The kid in me had a lot more fun than I expected during my family’s recent trip to Disney World in Orlando, Florida. And the business person in me couldn’t help noticing Disney’s masterful use of phrases such as “wishes come true” and “dreams come true” to elicit an almost Pavlovian response from the grown-ups who otherwise would never dream of paying the ridiculous ticket prices. Heck, Disney has even trademarked the word Wishes as part of their marketing collateral, and the Wikipedia entry for “Wishes” references Disney. At this point, you’re probably wondering what any of this has to do with SQL Server, and the more cynical readers out there probably assume that a week in the Orlando sun has temporarily baked any interesting SQL Server thoughts from my brain, leaving me with nothing to say this week. Untrue! Bear with me, and my SQL Server tie-in will soon be clear.

Sure, I had fun, but the inner SQL Server geek that lurks within me at all times couldn’t help but associate Disney’s constant use of the word “wishes” with the old SQLWish email alias that the SQL Server development team once used to solicit feedback from users about new feature requests or tweaks to existing features. SQLWish is a “dead” alias, having been replaced by user participation at https://connect.microsoft.com/SQLServer , but I still think of the feedback-submission process as making a SQLWish. So, as you can clearly see, my Disney-wish-oriented introduction does indeed have an unmistakable tie-in to SQL Server.

I don’t suppose that Microsoft’s next Tech Ed show will feature SQL Server character dinners at which giant cartoon versions of the relational engine or query optimizer prance around giving autographs and photo ops. Or maybe Gert Drapers (the Architect and Development Manager for Visual Studio Team Edition for Database Professionals) could make a special appearance dressed as the Data Dude. But even without the promise of such magic, I want to encourage each of you to make your SQL Server wishes come true by participating at https://connect.microsoft.com/SQLServer . Here’s how Microsoft describes the feedback cycle for the site:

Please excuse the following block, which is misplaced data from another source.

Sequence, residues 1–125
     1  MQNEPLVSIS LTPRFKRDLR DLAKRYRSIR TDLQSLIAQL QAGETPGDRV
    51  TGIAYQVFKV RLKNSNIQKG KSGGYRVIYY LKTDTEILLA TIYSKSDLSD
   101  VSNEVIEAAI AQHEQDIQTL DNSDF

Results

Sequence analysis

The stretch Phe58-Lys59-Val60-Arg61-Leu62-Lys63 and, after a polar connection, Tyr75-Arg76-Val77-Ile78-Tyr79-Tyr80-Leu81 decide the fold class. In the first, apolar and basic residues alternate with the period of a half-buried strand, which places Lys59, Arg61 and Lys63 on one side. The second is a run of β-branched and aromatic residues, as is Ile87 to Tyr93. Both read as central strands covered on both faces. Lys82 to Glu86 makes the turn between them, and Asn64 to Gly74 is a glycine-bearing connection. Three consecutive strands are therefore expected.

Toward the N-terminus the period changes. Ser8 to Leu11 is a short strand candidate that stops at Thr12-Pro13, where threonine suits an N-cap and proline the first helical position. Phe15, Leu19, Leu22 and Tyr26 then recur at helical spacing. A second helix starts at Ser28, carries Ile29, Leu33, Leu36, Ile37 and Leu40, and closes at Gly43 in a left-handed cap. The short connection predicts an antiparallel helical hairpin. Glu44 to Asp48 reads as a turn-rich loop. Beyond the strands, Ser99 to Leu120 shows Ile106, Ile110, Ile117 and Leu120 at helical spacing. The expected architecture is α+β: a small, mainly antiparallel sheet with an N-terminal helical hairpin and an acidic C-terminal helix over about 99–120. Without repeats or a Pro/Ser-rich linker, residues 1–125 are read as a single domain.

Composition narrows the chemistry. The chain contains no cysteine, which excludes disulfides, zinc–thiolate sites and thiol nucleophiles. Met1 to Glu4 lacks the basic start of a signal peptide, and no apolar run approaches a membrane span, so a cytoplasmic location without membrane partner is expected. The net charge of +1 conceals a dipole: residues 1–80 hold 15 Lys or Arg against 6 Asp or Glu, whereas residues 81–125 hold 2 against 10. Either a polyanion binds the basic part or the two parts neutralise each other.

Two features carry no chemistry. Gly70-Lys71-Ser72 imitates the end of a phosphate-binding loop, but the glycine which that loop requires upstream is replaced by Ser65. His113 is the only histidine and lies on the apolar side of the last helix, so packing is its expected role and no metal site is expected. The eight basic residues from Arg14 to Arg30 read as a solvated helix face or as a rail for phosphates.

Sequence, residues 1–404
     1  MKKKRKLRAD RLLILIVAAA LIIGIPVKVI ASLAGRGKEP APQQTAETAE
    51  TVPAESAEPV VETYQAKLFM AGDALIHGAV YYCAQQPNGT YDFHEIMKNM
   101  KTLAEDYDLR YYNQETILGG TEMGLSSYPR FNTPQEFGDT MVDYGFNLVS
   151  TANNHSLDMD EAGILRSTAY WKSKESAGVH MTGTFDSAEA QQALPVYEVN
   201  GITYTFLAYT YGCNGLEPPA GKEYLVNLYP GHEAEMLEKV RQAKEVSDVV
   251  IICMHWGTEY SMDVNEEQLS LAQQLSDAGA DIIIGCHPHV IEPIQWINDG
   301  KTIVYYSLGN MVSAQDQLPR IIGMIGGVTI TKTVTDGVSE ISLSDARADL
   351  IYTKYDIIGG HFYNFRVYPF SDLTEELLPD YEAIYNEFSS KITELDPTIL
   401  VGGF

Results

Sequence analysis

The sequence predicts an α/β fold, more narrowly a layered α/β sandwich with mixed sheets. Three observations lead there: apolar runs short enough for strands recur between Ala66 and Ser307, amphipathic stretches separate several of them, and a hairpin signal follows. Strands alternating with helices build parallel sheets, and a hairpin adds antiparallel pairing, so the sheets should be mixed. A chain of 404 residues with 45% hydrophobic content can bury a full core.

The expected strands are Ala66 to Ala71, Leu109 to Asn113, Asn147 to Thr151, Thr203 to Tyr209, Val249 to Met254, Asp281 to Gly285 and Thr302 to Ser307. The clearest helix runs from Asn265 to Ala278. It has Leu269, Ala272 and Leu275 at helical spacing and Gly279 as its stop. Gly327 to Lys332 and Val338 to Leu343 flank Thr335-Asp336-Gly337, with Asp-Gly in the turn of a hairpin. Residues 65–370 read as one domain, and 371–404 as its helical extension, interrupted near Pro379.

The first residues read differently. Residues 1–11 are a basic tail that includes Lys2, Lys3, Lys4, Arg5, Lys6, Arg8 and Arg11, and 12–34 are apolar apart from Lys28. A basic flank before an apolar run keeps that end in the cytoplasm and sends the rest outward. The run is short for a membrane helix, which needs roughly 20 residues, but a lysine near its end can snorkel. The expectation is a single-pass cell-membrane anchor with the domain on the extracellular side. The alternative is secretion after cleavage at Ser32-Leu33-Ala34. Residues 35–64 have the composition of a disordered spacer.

“By submitting feedback, you can actively work with members of the Microsoft product team to identify and evaluate the importance of issues, recommend workarounds, and help ensure that the product is reliable and meets customer needs. Your feedback can take the form of a suggestion for improving product design or behavior, or a description of a problem that interferes with your work or causes the product to behave unexpectedly.”

It’s been a while since I wrote about SQLWish. Now, the SQL Server Connect site lets your inner SQL Server child make any wish that your heart desires. Of course your idea might be totally silly (no offense to your inner child intended!). This is why Microsoft provides mechanisms for other registered users to vote on previous suggestions with the expectation that the chaff will be sorted from the wheat as ideas are run through a peer-review process. Here’s a quick summary of some of the statistics that the Connect site reported as of last week:

  • Overall Statistics:
  • 23,155 registered users
  • 3,064 total bugs
  • 1,526 total suggestions
  • 864 active bugs
  • 138 resolved bugs
  • 2,062 closed bugs
  • 842 active suggestions
  • 78 resolved suggestions
  • 606 closed suggestions
  •  
  • Previous 7 Days:
  •  
  • 53 new users
  • 53 new bugs
  • 51 resolved bugs
  • 48 closed bugs
  • 15 new suggestions
  • 13 resolved suggestions
  • 10 closed suggestions
  • I’ve recently encouraged you to share your thoughts about the things that are making it difficult for SQL Server 2005 and 2000 to coexist in your environment. I’d still love to hear your gripes and ideas--they give me fodder for future editorials. But I don’t have the ability to decide which feature changes and tweaks actually make it into the product. Wishes do come true, as the marketing gurus at Disney would say, but only Microsoft has the magic to make your SQL Server dreams a reality.